In the circumstances which prevailed on the applicant's experimetal paper machine on which the extension of the sector β was 29 degrees and the corresponding peripheral lengths of the surface roll 23 (diameter of roll 23 being 800 mm) was about 200 mm, the appropriate leakage air zone width, which was adjustable, was found to be D',D"=30 to 80 mm. A favorable starting value for the designing and practical application of the apparatus of the invention within the apparatus geometry presented in FIG. 4 can be considered D'=D"=50 mm. The structure must naturally be arranged in a suitable way to be adjustable.
As shown in FIGS. 3A,4 and 5, the first cover part 33 in the direction of travel of the wires 12,13 is rather narrow. This cover part 33 is in most instances merely a sealing strip of the suction box 30 acting against the wire 12 and which may also operate as a kind of water doctor. The cross section of the strip may be selected with comparative freedom, and it may even be circular for instance. At the first cover part 33 the web has a comparatively high water content, whereby at this point there may still escape from the web a comparatively large quantity of water, which acts as an efficient lubricant and remarkably reduces the risk of wear of the wire 12 on this cover part 33.
The first cover part 33 may also be fairly broad, in which case it is advantageous to provide it, as planar suction box covers known in themselves in the art ane provided, with through holes or slits communicating with the interior of the suction box 30, whereby in the region of this cover part 33 there is exerted on the web W between the wires 12 and 13, substantially the effect of the vacuum prevailing in the detaching suction box 30.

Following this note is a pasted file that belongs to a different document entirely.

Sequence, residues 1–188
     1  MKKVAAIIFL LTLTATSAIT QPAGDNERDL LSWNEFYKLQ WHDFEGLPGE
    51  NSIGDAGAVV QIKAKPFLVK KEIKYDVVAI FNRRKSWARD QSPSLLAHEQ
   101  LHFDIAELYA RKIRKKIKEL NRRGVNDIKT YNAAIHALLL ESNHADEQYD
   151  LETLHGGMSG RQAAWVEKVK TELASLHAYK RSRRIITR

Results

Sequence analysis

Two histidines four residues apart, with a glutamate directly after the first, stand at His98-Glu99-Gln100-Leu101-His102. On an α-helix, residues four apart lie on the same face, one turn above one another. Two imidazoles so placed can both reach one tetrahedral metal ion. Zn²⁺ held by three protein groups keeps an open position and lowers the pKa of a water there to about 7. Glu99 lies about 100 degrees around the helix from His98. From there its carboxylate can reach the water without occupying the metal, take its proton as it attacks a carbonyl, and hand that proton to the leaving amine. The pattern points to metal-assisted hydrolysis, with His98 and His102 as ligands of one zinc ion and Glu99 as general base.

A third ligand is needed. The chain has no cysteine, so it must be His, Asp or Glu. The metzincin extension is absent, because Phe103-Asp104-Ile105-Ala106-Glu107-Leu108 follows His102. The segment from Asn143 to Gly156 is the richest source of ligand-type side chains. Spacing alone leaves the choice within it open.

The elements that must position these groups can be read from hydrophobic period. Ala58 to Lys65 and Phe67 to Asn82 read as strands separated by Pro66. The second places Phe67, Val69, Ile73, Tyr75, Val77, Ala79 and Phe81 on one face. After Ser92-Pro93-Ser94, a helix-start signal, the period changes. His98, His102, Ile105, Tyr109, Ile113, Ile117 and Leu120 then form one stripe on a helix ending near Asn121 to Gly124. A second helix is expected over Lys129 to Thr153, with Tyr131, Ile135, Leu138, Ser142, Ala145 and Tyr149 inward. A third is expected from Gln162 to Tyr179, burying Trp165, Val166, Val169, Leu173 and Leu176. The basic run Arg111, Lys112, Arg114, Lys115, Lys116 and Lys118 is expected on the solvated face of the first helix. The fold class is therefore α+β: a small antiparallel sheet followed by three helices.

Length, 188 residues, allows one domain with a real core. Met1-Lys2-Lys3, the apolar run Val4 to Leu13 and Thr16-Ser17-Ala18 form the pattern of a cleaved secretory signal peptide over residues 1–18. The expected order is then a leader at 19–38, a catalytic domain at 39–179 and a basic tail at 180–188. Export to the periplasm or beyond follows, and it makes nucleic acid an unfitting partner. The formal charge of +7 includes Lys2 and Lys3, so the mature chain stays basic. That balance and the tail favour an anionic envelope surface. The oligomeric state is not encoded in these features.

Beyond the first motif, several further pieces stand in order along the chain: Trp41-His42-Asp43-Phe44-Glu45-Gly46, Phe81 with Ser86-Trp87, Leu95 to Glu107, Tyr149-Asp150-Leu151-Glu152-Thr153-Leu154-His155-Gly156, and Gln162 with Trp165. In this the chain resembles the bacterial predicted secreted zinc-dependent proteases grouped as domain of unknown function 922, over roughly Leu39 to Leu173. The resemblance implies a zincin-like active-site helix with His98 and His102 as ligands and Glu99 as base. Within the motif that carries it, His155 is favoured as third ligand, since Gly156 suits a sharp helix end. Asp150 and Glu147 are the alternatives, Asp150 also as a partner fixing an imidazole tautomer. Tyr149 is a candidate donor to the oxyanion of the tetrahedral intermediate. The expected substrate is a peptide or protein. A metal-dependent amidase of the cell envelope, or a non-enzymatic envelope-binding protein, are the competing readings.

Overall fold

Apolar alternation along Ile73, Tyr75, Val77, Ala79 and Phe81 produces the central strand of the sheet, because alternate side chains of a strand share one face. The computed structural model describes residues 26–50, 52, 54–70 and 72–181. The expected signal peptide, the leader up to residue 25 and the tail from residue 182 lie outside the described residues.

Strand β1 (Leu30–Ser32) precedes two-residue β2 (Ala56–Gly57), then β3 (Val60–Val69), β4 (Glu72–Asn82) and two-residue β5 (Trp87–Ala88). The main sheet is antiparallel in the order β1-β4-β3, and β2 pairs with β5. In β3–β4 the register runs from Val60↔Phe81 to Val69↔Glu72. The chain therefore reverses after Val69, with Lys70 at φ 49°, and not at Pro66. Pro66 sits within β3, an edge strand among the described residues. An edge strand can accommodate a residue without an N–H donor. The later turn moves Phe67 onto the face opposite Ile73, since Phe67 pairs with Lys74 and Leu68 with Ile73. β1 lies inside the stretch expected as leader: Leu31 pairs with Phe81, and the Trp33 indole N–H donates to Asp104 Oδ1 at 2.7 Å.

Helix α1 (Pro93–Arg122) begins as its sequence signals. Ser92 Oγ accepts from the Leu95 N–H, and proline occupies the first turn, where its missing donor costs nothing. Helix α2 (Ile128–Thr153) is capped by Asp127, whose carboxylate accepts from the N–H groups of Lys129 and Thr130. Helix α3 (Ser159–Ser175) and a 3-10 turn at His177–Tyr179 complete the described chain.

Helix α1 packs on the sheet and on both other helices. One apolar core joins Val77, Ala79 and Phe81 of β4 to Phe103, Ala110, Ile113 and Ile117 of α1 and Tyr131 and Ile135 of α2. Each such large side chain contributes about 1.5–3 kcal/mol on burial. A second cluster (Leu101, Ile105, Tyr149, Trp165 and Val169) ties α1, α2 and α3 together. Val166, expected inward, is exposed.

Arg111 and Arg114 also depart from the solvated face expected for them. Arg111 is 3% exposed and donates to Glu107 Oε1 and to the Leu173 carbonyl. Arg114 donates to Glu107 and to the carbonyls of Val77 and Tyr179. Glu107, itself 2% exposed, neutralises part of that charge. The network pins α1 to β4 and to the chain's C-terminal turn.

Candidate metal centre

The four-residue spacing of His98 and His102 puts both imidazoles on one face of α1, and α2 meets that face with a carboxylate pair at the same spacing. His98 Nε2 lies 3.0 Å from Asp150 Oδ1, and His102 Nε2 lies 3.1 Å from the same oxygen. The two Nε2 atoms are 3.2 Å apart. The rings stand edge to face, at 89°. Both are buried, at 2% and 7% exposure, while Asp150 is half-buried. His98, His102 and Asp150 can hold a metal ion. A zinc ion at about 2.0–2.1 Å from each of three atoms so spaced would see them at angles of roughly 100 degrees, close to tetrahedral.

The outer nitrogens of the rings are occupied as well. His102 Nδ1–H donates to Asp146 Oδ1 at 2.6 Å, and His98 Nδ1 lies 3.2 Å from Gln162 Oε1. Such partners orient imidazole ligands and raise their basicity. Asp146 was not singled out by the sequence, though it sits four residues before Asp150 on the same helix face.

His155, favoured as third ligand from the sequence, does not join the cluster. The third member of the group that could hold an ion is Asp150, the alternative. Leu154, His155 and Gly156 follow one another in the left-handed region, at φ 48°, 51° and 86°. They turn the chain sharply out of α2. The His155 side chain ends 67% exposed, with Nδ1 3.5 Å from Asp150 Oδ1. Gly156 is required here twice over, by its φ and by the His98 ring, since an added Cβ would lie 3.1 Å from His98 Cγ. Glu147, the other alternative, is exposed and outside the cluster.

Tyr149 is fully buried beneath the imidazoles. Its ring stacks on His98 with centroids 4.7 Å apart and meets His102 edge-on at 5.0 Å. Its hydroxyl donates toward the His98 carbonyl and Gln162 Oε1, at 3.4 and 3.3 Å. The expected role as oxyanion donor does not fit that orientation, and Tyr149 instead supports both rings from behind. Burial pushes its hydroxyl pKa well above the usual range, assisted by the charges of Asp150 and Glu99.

It is of significance for the operation of the suction box 30 of the invention that it has the said free or open gap between the cover parts, in the area of which the change in direction of web travel takes place while as a result hereof a fairly powerful compression acts on the web W between the upper wire 13 and covering wire 12. As a result, a great amount of water can be expelled from the web W, this water being flung by centrifugal force effect into the suction box 30.
As regards the design of the second cover part 34 of the detaching suction box 30, several alternatives are available as compared with the first cover part, and these are in fact needed, since in the last run this second cover part determines how reliably the web W will be detached from the covering wire 13 and affixed to the carrying wire 12. Some of these alternatives are shown in FIGS. 3A,4 and 9.
The second cover strip 341, as shown in FIG. 3A, is in principle a conventional flat suction box cover known in itself in the art, which is perforated with through holes. The cover part shown in FIG. 4 comprises a perforated first, fairly wide strip 348, in addition to which the cover part comprises two narrow strips 349, by the aid of which in the cover part are established two suction slits 350 extending transversally across the entire wire breadth. The strips 348 and 349 may also be mounted in reverse order to that the suction slits precede the pierced-through strip 348 in the direction of web travel. The strip 348 may have a similar profile as the strip 33. The cover part illustrated in FIG. 9 has been separately described. It is clear that due to the task of the second cover part its total width must substantially exceed that of the first. The total width of the second cover part may be 2-3 times that of the first.